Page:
Of the more than 130 million people in the United States who have been fully vaccinated against Covid-19, there have been reports of at least 10,262 breakthrough infections, according to the Centers for Disease Control and Prevention.
A breakthrough infection occurs when someone tests positive for coronavirus more than 14 days after the second dose of the Pfizer-BioNTech or Moderna vaccines or the single Johnson & Johnson shot.
Roughly a quarter of the breakthrough cases didn’t have symptoms — they were likely detected through routine testing, the CDC found in a report released Tuesday. Of 955 people who were hospitalized, about a third were in the hospital for reasons unrelated to Covid-19, or were asymptomatic. About 160 people, or 2 percent, died. Twenty eight of the deaths were unrelated to Covid-19. The CDC didn’t report whether the people had underlying conditions or comorbidities such as obesity.
The majority of the breakthrough infections were women, 63 percent, and a majority of the patients were 40 to 74 years old.
The report cautions, however, that these cases are likely an underestimate because most people who have been fully vaccinated aren't being regularly tested. Recently, the CDC said that, with some exceptions, people who are fully vaccinated don’t need a coronavirus test, even if they’ve been exposed to the virus, unless they show symptoms.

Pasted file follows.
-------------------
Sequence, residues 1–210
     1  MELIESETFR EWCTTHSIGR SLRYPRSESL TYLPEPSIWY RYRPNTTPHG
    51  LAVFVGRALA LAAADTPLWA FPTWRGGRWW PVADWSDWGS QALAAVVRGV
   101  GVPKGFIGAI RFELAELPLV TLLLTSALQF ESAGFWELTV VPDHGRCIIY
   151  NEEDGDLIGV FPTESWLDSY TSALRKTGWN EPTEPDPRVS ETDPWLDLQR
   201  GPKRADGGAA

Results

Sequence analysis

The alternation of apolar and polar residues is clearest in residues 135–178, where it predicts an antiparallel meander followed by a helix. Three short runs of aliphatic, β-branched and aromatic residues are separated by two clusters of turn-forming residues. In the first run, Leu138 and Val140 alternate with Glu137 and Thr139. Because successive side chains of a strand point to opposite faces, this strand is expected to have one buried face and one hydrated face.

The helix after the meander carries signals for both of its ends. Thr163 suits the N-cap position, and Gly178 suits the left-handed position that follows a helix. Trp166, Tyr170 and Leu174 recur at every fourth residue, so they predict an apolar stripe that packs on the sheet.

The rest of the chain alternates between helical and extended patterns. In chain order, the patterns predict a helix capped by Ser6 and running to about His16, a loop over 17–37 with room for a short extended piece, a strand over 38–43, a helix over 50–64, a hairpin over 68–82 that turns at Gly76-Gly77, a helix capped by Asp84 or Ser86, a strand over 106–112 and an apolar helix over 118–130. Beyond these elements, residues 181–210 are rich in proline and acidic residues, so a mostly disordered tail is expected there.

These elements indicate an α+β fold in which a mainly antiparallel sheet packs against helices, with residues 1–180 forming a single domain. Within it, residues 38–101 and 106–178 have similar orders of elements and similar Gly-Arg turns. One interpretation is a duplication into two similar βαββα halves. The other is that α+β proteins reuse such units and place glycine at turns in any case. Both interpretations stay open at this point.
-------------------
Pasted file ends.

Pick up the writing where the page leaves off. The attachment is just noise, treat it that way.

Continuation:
On May 1, the CDC stopped regularly reporting on mild breakthrough infections so it could focus on investigating only cases severe enough to cause hospitalization or death. However, it's still working with local governments to understand whether variants are linked to infections after vaccination.
Through genomic sequencing, the CDC found that several variants of concern played a role in most of the breakthrough cases. The B.1.1.7 variant first identified in the U.K. was linked to 57 percent of cases, and a quarter were due to the B.1.429, first found in California. A small percentage of sequenced cases were caused by the P.1 from Brazil and the B.1.315 first identified in South Africa.
The proportion of cases due to variants of concern has also been similar to the proportion of these variants circulating throughout the country, the authors wrote.
It’s too soon to know which variants are more likely to result in breakthrough infections, but Dr. Carlos del Rio found the report “reassuring”.
“Breakthrough infections will happen as vaccines are not 100 percent effective,” del Rio, a professor of medicine at the Emory University School of Medicine, said in an email.
Del Rio took away a few things from the report: Many breakthrough infections were asymptomatic, many hospitalized patients were there for reasons unrelated to the virus, and overall there were very few deaths.
In the cases that tested positive after full vaccination, Del Rio added that he would have liked to see information about the cycle threshold of the cases, a value that provides information about the amount of virus that patients were carrying. He suspects many would likely not be infectious due to low levels of virus despite testing positive for Covid-19.